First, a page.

Millions Of WiFi Routers From Netgear, Asus, D-Link Can Be Hacked: 226 Vulnerabilities Found!

When the next world war happens it won’t happen at the border. It will happen in our houses, on our computers. Or so does a lot of visionaries have claimed. And doesn’t it become prudent for all of us to be more cautious about our cyber security? But it looks like we are not only not up to date in terms of our cyber security, we are also lagging on many fronts. According to a recent report, many routers have been found to be vulnerable to cyber threats.

Millions of WiFi’s are at the risk of getting hacked

According to security researchers at IoT Inspector and CHIP magazine, millions of WiFi routers from various popular brands may be at risk as about 226 security vulnerabilities were found. These newly discovered security vulnerabilities affect a number of WiFi routers from brands including Netgear, Asus, Synology, D-Link, AVM, TP-Link, and Edimax.

According to IoT Inspector CTO Florian Lukavsky, “The test negatively exceeded all expectations for secure small business and home routers. Not all vulnerabilities are equally critical — but at the time of the test, all devices showed significant security vulnerabilities that could make a hacker’s life much easier”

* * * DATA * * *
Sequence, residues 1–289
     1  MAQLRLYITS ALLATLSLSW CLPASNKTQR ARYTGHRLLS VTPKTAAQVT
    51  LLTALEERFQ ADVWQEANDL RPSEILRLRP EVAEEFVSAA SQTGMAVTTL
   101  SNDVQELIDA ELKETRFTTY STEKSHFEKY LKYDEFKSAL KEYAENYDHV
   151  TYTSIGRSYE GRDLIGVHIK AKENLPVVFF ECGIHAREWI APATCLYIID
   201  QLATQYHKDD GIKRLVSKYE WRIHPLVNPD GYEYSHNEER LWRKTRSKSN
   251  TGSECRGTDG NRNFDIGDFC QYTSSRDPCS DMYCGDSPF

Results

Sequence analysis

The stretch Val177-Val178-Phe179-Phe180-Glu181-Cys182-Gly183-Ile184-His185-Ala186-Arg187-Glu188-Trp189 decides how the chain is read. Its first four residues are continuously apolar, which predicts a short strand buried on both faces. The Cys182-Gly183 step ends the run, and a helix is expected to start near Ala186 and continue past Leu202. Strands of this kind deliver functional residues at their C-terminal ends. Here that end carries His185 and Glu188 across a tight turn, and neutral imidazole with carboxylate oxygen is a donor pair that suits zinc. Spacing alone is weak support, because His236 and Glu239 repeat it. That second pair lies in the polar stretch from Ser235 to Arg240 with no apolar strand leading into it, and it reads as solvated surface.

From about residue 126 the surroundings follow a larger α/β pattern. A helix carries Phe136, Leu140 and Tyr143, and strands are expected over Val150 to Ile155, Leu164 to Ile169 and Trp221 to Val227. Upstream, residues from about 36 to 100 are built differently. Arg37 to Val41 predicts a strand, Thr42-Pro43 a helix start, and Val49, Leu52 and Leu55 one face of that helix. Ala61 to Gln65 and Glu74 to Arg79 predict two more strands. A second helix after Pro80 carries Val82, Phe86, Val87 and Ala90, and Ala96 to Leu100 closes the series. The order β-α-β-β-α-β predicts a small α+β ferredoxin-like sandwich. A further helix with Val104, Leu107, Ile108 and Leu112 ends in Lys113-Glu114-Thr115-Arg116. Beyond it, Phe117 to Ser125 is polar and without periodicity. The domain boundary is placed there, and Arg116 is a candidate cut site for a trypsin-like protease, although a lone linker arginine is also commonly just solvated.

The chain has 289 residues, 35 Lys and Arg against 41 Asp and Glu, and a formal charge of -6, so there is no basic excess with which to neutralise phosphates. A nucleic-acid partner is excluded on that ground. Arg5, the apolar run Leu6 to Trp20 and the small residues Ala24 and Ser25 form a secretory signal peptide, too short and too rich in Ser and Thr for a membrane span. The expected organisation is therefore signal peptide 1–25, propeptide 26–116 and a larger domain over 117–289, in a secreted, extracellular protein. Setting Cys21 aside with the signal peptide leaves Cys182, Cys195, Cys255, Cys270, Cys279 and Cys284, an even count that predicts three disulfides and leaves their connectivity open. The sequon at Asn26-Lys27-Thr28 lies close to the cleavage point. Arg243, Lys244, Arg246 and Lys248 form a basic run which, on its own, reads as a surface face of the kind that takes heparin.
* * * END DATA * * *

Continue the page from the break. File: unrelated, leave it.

As per the researchers, the major cause of the issue is expected to be a lack of newer components. Older versions of core components (including the Linux kernel) along with other out-of-date services were likely the targets that were exploited by attackers.

Lack of awareness of users is also a reason for cyber attack vulnerability

The report also said that vendors were using simple default passwords on routers that made them easy to guess. As some users use routers with their default credentials, it makes them really easy targets for attackers.

In some cases, SOHO routers were using unencrypted connections in insecure certificates. Over-reliance on older versions of BusyBox, the use of weak default passwords like “admin” and the presence of hard-coded credentials in plain text form are also responsible for these vulnerabilities.

To the relief of many, as soon as the router vulnerabilities were reported to companies, many vendors including (including Asus, D-Link, Edimax, Linksys, Netgear, Synology, and TP-Link) responded quickly by releasing a fix for affected models. To avert any further cyber-attack, users need to update the firmware of their WiFi routers as soon as possible to apply the latest fixes.

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